Lung cancer the battle is being tested

Unusual fatigue that is more stubborn than usual. Lawrence Take the exams. As a result, he suffers from advanced stage bronchial cancer. Advertising is experienced“earthquake”. Then months of long treatment begin for him.”violent and unbearable. Laurent, 65, of an optimistic nature, radiates a powerful, lifelong rage. Today in lost time, that’miraculously “As he calls himself, he regrets it

“I smoked for over thirty years. I was stupid not to listen to prevention messages.” Elias Bouabdellah, head of the thoracic surgery department at Saint Joseph Hospital in Marseille, is not surprised.“People I work with have the same story almost all the time. Tests for suspected other diseases or even for two years, Covid. In his office, he looked for the last time at the 3D images of the lungs of a patient about to have surgery.

“We discovered a suspicious spot on it by chance. In this disease, the prognosis is related to the stage of diagnosis. If the cancer is only in the lung, there is a 90% survival rate at 5 years. On the other hand, if it has already metastasized, the survival is disastrous. Less than 10%.However, it is very rare for lung cancer to be detected at an early stage because there are no symptoms. With 33,000 deaths (1.5 million worldwide) and 46,000 new cases annually in France, lung cancer is one of the most common and deadly diseases. “It’s almost the equivalent of the covid virus every year,The specialist regrets. The tragedies that could have been avoided because in 80% of cases tobacco is responsible for the disease


1000 smokers were tested

The discovery of lung cancer became apparent to the surgeon. Also, last February, the Supreme Health Authority gave the green light to implement realistic experiments to detect this cancer in smokers, Dr. Bouabdallah, accompanied by Arnaud Boyer, a respiratory pathologist, quickly set himself to launch. program at Saint Joseph’s Hospital. It should start next fall.

“The challenge with this screening is to increase the number of treatable patients by 15 to 60%. We believe in it because other countries such as the United States, China or England are already practicing it with promising results.” The study was funded by €200,000 by the Association for the Control of Cancer and the Saint Joseph Hospital Foundation, and the study targets smokers between 50 and 80 years old.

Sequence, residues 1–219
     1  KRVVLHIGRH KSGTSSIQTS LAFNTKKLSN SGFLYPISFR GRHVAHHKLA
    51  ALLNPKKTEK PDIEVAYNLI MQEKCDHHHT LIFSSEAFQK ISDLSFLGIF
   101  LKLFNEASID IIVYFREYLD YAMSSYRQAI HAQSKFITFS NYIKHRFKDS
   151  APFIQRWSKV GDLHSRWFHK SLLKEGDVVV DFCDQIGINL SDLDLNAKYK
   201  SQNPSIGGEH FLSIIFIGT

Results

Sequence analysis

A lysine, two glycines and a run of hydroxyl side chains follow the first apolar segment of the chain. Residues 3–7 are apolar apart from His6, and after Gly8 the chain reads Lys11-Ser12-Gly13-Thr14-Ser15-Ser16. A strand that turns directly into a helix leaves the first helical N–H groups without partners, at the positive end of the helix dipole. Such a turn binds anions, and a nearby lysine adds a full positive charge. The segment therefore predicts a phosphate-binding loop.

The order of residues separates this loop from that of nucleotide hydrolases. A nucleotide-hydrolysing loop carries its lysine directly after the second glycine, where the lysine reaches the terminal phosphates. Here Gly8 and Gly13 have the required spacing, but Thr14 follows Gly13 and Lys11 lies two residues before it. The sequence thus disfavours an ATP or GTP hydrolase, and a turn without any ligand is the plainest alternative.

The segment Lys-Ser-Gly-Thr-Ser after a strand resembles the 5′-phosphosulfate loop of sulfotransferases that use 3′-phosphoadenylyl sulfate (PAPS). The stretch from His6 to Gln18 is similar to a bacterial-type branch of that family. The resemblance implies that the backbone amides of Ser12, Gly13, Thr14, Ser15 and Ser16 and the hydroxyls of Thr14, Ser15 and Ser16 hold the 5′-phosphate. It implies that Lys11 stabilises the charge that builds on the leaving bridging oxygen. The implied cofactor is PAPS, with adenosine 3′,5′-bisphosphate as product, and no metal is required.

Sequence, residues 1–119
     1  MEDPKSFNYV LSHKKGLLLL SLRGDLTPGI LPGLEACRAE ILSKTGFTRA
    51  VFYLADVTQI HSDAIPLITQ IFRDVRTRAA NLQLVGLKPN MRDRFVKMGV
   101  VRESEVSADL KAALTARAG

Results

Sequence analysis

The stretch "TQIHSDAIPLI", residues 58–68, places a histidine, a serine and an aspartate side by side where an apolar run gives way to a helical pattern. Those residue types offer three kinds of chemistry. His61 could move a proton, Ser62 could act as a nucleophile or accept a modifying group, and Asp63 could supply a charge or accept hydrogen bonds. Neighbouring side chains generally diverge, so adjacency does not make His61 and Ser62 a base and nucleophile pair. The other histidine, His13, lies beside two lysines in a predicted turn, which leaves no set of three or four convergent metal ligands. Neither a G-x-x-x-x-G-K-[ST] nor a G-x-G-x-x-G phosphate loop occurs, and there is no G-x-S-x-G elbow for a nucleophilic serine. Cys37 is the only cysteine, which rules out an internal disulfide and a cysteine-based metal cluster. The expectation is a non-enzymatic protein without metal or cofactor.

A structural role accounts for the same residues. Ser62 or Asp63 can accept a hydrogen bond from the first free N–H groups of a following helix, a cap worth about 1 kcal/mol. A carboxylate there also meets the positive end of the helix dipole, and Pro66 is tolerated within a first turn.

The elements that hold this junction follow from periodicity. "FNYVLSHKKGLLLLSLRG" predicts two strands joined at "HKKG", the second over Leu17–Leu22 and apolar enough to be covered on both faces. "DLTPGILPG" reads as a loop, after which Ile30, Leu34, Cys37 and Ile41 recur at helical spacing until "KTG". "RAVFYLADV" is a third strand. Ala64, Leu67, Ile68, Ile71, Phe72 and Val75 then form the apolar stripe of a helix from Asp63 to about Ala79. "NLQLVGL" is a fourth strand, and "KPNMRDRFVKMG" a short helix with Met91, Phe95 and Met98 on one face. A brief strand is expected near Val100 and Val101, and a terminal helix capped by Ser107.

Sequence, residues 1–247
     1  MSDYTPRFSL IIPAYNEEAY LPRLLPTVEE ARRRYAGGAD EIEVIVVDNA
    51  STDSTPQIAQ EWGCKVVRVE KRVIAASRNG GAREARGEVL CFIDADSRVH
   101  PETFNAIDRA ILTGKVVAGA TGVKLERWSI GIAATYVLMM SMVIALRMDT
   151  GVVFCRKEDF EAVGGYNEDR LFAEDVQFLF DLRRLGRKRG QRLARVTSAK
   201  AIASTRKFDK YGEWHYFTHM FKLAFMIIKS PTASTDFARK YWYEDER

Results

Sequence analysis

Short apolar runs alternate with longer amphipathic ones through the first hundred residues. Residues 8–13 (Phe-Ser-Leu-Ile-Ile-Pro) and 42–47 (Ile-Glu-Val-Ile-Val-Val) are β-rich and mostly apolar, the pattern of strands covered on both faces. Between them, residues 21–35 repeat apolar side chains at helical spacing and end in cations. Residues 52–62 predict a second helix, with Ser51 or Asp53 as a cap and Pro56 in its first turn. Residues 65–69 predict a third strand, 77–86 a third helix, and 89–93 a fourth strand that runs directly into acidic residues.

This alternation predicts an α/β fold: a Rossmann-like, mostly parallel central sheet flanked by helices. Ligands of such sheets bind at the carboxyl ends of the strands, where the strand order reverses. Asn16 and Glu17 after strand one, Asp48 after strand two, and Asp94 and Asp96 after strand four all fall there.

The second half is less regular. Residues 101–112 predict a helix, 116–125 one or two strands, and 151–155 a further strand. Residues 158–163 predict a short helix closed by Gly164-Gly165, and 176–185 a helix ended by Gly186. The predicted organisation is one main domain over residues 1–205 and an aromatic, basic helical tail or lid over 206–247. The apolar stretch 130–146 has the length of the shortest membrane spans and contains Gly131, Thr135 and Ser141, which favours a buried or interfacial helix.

“Those who have smoked more than 15 packs/year. They will be able to benefit from a scanner with a low dose, that is, with very little radiation.” In this system, all persons (hospital patients, caregivers, staff and external visitors) will be able to apply. To see if they qualify, stations will be installed within Saint-Joseph Hospital. 1,000 patients will then be selected to participate in this individual lung cancer screening, for six years, with a prescription for a CT scan. “When entering the program, one year later and then every two years. The same way mammograms are done to screen for breast cancer. The main goal is to target the right population for screening and repeat.” This follow-up will be linked to the smoking cessation program that will be offered to patients by tobacco specialists in the health facility, but it is not mandatory.

“By quitting before age 50, the risk is divided by 50%. After age 60, the risk of declaring this disease is reduced by 15%.”

World No Tobacco Day has been held worldwide on May 31 every year since 1987. It focuses on the health risks of tobacco and the tobacco control actions led by the World Health Organization.

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